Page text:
Bangladesh as a nation just observed the forty-fifth anniversary of its glorious independence. While it is time for celebration for most of its citizens, a minority group still faces daunting challenges to secure its fundamental rights. This is the Urdu-speaking Bihari people of Bangladesh who simply struggle for survival under unlivable conditions in about seventy camps in many parts of Bangladesh. The size of this group is estimated to be three to four lakhs. The Supreme Court of Bangladesh, in 2008, confirmed that Biharis are citizens of Bangladesh in the landmark decision of Md. Sadaqat Khan and others v Chief Election Commissioner (60 DLR).The High Court Division reaffirmed that all the members of the Urdu-speaking community who were born after 1972 were nationals of Bangladesh in accordance with its laws and directed the Election Commission to enroll the petitioners and other Urdu-speaking people who wanted to be enrolled in the electoral rosters and to issue them National Identity Cards without delay.
I visited the UNHCR Geneva Camp in Mohammadpur, Dhaka, in early January this year. Through discussions with many residents I found out that they have been issued National ID (NID) cards to vote. However, they feel they are being 'used' only as a vote bank as they have not been issued passports. This is a direct violation of the rule of law. Bangladesh Constitution guarantees the 'freedom of movement' (article 36) of all citizens. Without a passport, they cannot exercise the fundamental right of movement enshrined in the Constitution. They could be migrant labourers like other Bangladeshis and send back remittances that would help their families and ultimately, the economy.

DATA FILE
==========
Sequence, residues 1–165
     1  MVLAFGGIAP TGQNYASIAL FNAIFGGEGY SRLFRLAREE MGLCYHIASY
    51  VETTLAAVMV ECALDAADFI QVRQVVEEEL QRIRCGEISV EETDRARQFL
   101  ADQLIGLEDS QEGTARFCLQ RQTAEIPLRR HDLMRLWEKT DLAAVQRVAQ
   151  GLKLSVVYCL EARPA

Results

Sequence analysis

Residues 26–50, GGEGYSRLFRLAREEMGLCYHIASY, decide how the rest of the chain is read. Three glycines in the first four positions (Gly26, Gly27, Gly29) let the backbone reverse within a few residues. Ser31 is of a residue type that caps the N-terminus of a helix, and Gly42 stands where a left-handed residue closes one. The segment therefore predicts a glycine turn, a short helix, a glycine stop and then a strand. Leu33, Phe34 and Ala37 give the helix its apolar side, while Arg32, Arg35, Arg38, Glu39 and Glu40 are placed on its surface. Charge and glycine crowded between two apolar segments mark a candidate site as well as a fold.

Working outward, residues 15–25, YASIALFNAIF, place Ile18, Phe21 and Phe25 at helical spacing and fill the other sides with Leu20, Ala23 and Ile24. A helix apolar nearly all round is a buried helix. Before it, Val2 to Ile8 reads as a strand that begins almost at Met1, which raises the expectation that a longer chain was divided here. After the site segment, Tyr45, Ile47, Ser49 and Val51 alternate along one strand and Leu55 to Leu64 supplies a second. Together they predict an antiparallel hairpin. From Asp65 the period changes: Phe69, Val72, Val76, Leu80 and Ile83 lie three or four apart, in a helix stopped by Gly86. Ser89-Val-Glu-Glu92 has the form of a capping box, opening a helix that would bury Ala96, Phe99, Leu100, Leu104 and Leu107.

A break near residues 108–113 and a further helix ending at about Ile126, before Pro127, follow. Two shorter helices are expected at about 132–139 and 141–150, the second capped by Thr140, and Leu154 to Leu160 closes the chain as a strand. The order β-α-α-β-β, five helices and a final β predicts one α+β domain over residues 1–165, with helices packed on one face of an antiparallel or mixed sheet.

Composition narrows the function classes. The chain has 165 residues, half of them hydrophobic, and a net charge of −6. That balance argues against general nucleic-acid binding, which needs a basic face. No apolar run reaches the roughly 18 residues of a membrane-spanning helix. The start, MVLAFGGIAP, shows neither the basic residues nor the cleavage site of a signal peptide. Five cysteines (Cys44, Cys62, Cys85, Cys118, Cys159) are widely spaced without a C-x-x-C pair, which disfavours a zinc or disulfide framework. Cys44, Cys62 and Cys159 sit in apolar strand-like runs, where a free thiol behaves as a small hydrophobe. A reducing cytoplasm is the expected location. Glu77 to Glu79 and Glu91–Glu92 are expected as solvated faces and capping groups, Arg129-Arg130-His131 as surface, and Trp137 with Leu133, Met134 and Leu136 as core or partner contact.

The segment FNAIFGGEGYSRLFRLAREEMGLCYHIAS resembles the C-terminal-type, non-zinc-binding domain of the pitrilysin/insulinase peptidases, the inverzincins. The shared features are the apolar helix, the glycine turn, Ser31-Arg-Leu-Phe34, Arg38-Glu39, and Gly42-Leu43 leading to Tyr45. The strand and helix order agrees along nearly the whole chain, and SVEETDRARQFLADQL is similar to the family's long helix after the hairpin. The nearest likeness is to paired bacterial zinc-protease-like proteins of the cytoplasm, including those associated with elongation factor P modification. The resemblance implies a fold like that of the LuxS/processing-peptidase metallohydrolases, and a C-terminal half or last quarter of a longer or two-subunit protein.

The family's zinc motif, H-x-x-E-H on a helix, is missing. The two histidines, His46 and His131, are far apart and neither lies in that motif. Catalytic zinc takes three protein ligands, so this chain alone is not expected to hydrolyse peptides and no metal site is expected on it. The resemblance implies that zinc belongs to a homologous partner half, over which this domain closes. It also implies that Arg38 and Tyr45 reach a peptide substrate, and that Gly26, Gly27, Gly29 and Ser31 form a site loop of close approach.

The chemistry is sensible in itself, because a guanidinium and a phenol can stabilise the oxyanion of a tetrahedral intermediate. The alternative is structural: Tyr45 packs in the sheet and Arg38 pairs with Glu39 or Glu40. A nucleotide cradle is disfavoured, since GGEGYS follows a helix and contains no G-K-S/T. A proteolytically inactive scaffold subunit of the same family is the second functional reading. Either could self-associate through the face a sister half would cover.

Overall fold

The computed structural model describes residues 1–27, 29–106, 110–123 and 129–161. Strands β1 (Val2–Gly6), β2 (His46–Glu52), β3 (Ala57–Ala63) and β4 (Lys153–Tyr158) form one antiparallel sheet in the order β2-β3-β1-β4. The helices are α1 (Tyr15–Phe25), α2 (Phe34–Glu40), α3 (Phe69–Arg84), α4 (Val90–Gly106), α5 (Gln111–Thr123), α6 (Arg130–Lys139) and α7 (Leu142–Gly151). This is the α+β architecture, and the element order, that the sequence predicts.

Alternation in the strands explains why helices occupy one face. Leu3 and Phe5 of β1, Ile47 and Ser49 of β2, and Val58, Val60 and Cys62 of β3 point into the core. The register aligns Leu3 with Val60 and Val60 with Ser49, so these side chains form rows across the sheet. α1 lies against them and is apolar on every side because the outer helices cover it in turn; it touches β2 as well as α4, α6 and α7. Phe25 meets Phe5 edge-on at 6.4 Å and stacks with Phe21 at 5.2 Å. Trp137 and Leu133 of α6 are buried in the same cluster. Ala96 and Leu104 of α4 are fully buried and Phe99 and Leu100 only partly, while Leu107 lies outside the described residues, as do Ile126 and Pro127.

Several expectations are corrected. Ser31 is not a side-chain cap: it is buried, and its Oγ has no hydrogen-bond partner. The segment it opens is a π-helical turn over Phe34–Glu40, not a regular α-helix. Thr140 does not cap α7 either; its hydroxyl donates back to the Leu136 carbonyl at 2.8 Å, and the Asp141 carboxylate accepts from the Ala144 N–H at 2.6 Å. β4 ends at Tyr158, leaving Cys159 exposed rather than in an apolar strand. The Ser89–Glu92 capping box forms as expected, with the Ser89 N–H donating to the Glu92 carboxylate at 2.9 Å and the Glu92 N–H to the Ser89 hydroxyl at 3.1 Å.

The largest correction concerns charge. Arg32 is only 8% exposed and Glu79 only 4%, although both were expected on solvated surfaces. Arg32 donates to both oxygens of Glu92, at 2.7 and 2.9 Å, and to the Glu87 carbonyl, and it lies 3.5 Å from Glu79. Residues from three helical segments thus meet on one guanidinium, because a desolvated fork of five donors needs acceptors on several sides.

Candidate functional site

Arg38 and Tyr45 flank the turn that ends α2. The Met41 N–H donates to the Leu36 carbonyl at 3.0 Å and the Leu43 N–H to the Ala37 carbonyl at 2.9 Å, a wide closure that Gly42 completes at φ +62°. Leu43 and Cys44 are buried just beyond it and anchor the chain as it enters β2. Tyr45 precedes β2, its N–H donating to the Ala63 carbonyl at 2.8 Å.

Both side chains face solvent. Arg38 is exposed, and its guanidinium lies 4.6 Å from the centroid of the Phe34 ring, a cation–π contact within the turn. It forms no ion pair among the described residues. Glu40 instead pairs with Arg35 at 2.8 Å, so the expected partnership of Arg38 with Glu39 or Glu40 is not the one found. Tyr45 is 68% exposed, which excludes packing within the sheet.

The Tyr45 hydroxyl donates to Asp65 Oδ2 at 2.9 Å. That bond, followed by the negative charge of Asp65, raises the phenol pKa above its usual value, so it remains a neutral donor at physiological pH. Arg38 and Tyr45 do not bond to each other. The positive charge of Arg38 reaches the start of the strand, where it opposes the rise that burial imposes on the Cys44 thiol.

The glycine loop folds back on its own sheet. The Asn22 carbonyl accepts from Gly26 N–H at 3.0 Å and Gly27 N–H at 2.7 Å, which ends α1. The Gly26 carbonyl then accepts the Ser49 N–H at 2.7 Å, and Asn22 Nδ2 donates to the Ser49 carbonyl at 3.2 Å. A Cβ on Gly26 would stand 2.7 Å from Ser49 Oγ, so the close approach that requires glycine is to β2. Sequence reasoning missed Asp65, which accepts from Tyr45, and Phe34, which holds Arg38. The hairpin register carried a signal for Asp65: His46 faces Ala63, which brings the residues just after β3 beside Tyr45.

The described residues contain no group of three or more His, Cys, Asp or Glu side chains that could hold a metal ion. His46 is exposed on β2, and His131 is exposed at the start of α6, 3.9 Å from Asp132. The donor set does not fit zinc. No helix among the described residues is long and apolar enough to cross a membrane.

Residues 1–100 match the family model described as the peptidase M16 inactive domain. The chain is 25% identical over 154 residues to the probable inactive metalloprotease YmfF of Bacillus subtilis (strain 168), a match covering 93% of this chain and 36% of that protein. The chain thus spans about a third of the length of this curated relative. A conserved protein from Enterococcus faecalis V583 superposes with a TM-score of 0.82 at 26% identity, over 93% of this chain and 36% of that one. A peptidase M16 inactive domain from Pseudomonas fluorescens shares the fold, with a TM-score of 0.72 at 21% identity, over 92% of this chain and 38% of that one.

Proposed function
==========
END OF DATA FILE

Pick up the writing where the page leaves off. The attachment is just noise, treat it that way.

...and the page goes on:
About four years ago, representatives of the Bihari community went to the LGRD Ministry for resolution of a number of issues including the question of why they cannot obtain passports. They were told that a bill has to be passed by the Parliament in this regard. Many NID holders also went to the Passport Office but were told the same thing. In order to get a passport, one needs a permanent address – and a camp address is not a permanent address, they are often told.
The suffering they have to go through on a day-to-day basis is unthinkable. As I entered the Geneva Camp in Mohammadpur, I saw the precariously standing buildings and the cramped and desperate condition of the elders, the young, and the children. An entire family lives in a room, eight feet by eight feet. There is no privacy. It is very difficult to study in an environment like this.
When I visited a family, this is what I saw: Adjacent to an empty room was a tiny bedroom with one bed against the wall, one almirah for food, little open space, and barely any furniture yet so many members of their family live in the household. I learned how the children, even those born after 1972, are sometimes discriminated against by mainstream Bangladeshis for being Biharis and Urdu-speaking. An elderly gentleman belonging to the family said in a dejected voice, “Nafrat ki darakht me nafrat hi barhegi.” (The tree of hatred sown will continue to bear hatred). We are financially crippled. Only one NGO helps us.”
Despite these difficult conditions, I found the residents to be respectful and dignified and looking for an opportunity to integrate, such as the Headmaster of the school, Shoukat Ali, who has been serving as a teacher from the mid-seventies. He mentioned that the government's hike of admission fee of three to four thousand Taka per pupil at the primary level, works against the residents who have practically no income and cannot afford to send their kids to school. Shoukat Ali lamented, “Our children want to learn and excel; they have the God-given capability, but they continue to be marginalised as non-Bengalis, Biharis, or Pakistani collaborators.”